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Leading article

Transparency needed over Daisy Hill services

The health service in Northern Ireland is in severe difficulties. Waiting lists for treatment are at unacceptable levels while the GP service is facing an unprecedented crisis, with surgeries closing and a shortage of doctors willing to take on rural practices.

Add to this appalling trolley waits at our emergency departments, a lack of available beds due to patients unable to be discharged into the community and financial constraints affecting all aspects of healthcare.

Only last week this newspaper reported how funding for robotic equipment used in pioneering prostate cancer treatment in Britain and the Republic has been turned down in Northern Ireland.

In a letter to the Health and Social Care Board, one of the north's most senior doctors, Dr Michael McBride, warned of problems in recruiting and retaining specialist staff if the local health service is unable to keep pace with clinical advances.

Against this backdrop comes the row over the future of the emergency department at Newry's Daisy Hill Hospital.

Last month the Southern Trust warned it was considering overnight closure because of a shortage of permanent senior medical staff at the unit.

However, local people and political representatives are worried that any closure would lead to a long term run down of the emergency department and the eventual loss of Daisy Hill's acute hospital status.

Of course, any responsible health authority has to make contingency plans when faced with an urgent problem but sending patients to Craigavon - as was suggested - is not necessarily the best option.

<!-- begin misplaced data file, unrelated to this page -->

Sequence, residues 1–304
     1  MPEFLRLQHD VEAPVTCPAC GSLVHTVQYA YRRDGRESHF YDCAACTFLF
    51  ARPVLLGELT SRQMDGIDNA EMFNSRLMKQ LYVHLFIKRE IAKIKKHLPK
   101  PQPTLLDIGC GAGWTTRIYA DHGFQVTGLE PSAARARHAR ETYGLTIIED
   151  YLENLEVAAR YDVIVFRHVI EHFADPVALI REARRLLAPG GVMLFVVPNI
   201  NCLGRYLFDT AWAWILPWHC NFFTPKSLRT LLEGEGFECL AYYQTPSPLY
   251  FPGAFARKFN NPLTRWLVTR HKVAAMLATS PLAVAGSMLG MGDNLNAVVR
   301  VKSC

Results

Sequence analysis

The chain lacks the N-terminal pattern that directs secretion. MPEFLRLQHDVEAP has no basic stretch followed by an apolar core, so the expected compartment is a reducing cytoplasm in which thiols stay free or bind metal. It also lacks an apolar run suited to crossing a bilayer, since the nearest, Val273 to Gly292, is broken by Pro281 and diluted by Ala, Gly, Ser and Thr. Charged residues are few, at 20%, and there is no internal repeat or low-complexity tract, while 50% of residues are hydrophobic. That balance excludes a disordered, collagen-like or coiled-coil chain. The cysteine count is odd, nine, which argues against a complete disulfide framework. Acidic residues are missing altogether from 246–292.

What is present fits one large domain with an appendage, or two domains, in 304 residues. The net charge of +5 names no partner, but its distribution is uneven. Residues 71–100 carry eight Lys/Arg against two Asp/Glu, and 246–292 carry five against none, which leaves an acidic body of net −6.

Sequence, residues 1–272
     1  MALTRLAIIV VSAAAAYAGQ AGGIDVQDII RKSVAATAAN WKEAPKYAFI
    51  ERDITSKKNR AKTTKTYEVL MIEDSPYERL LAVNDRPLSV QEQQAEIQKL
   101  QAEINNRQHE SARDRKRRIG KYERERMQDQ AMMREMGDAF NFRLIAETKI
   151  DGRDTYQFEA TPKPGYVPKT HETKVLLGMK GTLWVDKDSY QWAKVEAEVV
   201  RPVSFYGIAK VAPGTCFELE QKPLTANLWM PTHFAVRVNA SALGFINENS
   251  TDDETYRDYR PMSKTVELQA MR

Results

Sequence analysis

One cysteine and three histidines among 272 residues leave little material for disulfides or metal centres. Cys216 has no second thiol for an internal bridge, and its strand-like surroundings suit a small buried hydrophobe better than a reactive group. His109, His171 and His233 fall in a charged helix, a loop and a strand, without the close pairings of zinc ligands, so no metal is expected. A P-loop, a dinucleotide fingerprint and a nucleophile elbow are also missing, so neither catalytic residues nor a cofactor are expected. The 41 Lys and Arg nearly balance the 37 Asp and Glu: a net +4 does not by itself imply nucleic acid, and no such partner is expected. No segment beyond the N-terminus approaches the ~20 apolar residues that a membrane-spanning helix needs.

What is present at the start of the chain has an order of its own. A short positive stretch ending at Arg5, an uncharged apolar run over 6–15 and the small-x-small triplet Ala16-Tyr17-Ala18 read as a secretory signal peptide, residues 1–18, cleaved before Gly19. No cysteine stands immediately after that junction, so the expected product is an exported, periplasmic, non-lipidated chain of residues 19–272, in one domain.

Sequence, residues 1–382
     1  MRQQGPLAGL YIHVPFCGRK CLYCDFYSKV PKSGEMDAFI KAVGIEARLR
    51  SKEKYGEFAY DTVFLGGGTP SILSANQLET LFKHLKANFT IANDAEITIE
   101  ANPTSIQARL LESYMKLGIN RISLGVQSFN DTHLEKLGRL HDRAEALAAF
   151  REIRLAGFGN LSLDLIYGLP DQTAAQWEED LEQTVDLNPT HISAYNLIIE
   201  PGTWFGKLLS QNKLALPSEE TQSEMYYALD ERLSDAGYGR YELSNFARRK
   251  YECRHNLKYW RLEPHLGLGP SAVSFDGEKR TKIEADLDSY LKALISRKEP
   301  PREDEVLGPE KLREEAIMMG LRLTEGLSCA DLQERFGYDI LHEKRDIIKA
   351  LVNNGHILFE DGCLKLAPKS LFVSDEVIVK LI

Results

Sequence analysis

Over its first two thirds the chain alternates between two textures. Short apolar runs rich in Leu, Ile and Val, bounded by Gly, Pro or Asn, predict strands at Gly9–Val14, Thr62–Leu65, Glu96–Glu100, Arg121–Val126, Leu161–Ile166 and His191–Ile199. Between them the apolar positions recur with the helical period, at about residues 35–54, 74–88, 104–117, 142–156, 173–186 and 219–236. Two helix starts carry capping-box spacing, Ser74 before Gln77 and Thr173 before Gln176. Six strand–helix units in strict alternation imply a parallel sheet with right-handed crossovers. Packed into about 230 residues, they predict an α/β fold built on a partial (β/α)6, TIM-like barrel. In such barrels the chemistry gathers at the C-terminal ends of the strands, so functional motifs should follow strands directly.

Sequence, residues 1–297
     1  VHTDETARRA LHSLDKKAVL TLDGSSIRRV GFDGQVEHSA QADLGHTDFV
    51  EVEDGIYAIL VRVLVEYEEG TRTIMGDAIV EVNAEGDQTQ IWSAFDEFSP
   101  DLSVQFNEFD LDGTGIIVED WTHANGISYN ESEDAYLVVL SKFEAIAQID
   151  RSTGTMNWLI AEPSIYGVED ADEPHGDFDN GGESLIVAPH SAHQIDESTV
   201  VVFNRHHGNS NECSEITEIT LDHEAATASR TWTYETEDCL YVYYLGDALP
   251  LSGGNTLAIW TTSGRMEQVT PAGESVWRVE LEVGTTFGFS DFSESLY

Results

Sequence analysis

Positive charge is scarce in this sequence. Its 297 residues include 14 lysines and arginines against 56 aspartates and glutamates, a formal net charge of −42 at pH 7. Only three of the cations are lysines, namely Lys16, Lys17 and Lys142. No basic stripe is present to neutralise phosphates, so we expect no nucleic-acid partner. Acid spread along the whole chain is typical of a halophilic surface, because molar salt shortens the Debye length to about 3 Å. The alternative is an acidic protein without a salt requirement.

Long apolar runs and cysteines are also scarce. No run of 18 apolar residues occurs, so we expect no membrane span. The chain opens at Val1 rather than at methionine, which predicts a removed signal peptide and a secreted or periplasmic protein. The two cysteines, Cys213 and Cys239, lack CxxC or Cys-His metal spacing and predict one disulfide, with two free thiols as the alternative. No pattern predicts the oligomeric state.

As we reported last week, recent Department of Health figures show that Craigavon has failed to meet waiting time targets at its A&E with 181 patient waiting 12 hours or more in January alone.

It is hard to see how Craigavon could reasonably cope with a sharp influx of additional patients from Daisy Hill while the strength of feeling among local people on this issue has been made abundantly clear.

The trust has now postponed its plan to reduce hours at Daisy Hill's emergency department but it is still not certain what the future holds.

A meeting hosted by the Department of Health and involving key agencies including the ambulance service will be held behind closed doors today but it is essential any decisions are fully transparent and subject to scrutiny.

There is no doubt that several strategic reports on the future of the health service in Northern Ireland have signalled a need to reduce the current number of acute hospitals.

However, any discussion about the long term status of major hospitals and the centralisation of services has to be part of a comprehensive, properly thought through review and not some sort of piecemeal process.

In the meantime, and in the absence of a Stormont health minister, the authorities must look at ways to maintain the emergency department at Daisy Hill.

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